Prior to his 2008 exhibition at Simon Preston, while running a Web search for the gallery’s address, Josh Tonsfeldt discovered a 1906 New York Times article about a physician’s horse that had gone missing while the doctor was on call; the physician (and the horse) had also resided at 301 Broome Street. The ensuing show, “Physician’s Horse Vanishes,” used a note from the artist to his dealer relating this discovery as its press release, and showcased videos, photos and sculptures that, truth be told, did not carry a convincing connection to the 1906 incident.
Some of the work on view at Tonsfeldt’s 2011 show at Preston took a chance encounter with a student named Jeremy as its premise. Jeremy, mistaking the artist for another Josh, friended him on Facebook. Tonsfeldt could not let the incident go—especially, I assume, after seeing Jeremy’s many uploaded photos of himself and friends posing near China’s Great Wall, the Taj Mahal and other international landmarks, taken during a semester at sea program. This show presented faded adapatations of the student’s photos printed on the reverse sides of photographic paper, accented by the artist with streaks of bright ink. In Andrew Taj Mahal (2011), for instance, among the remains of the original image are the mausoleum’s dome and the apparently jubilant Andrew with his arms flung skyward. These highly designed works poeticize the student’s Facebook pictures with a certain distilled grace.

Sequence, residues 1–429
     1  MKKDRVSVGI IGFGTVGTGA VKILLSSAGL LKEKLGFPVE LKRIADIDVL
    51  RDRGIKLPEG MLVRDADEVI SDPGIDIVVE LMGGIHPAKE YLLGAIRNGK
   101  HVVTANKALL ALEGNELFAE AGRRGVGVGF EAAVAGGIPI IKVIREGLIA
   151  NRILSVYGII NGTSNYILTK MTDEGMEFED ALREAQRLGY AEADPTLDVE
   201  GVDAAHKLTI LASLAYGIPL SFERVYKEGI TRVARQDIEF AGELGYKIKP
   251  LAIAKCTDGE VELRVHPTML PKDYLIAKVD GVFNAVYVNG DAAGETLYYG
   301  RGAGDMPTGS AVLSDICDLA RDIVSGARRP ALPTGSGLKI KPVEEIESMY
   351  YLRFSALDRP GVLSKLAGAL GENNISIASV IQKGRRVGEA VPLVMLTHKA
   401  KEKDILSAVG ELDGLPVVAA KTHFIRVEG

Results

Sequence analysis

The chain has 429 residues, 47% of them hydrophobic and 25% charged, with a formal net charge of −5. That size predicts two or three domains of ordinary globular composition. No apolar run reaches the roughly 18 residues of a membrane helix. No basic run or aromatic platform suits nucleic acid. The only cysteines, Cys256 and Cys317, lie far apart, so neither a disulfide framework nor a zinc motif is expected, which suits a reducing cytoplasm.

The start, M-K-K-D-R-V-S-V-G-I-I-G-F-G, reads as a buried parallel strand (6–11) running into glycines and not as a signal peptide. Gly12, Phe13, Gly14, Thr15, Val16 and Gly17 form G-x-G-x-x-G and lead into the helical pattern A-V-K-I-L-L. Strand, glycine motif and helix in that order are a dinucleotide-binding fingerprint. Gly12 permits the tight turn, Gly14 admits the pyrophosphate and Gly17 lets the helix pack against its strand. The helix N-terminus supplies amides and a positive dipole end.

Other works also relate to travel. A video titled Spring Itinerary 2009, fall itinerary 1926 (2010–11) features a woman’s voice reciting schedules coupled with seemingly unrelated footage of an oil field where workers play video games, burn socks and give the camera the finger.
For an artist to whom visual and thematic connections seem to be of primary importance, Tonsfeldt’s outing may have struck viewers as surprisingly incoherent. The 17 works (not counting those hovering in the gallery’s rafters and purposely hidden behind doors) included cement slabs adorned with real, spray-painted spider webs, a wall-mounted tire filled with fruit, and an earsplitting video showing an oil container being filled. These surely carry some significance for the artist, but we are left in the dark as to what that could be. The exhibition came across as the output of the active mind of an explorer grabbing at anything that can be used for the purposes of his art.
Installation View, 2011. Courtesy Simon Preson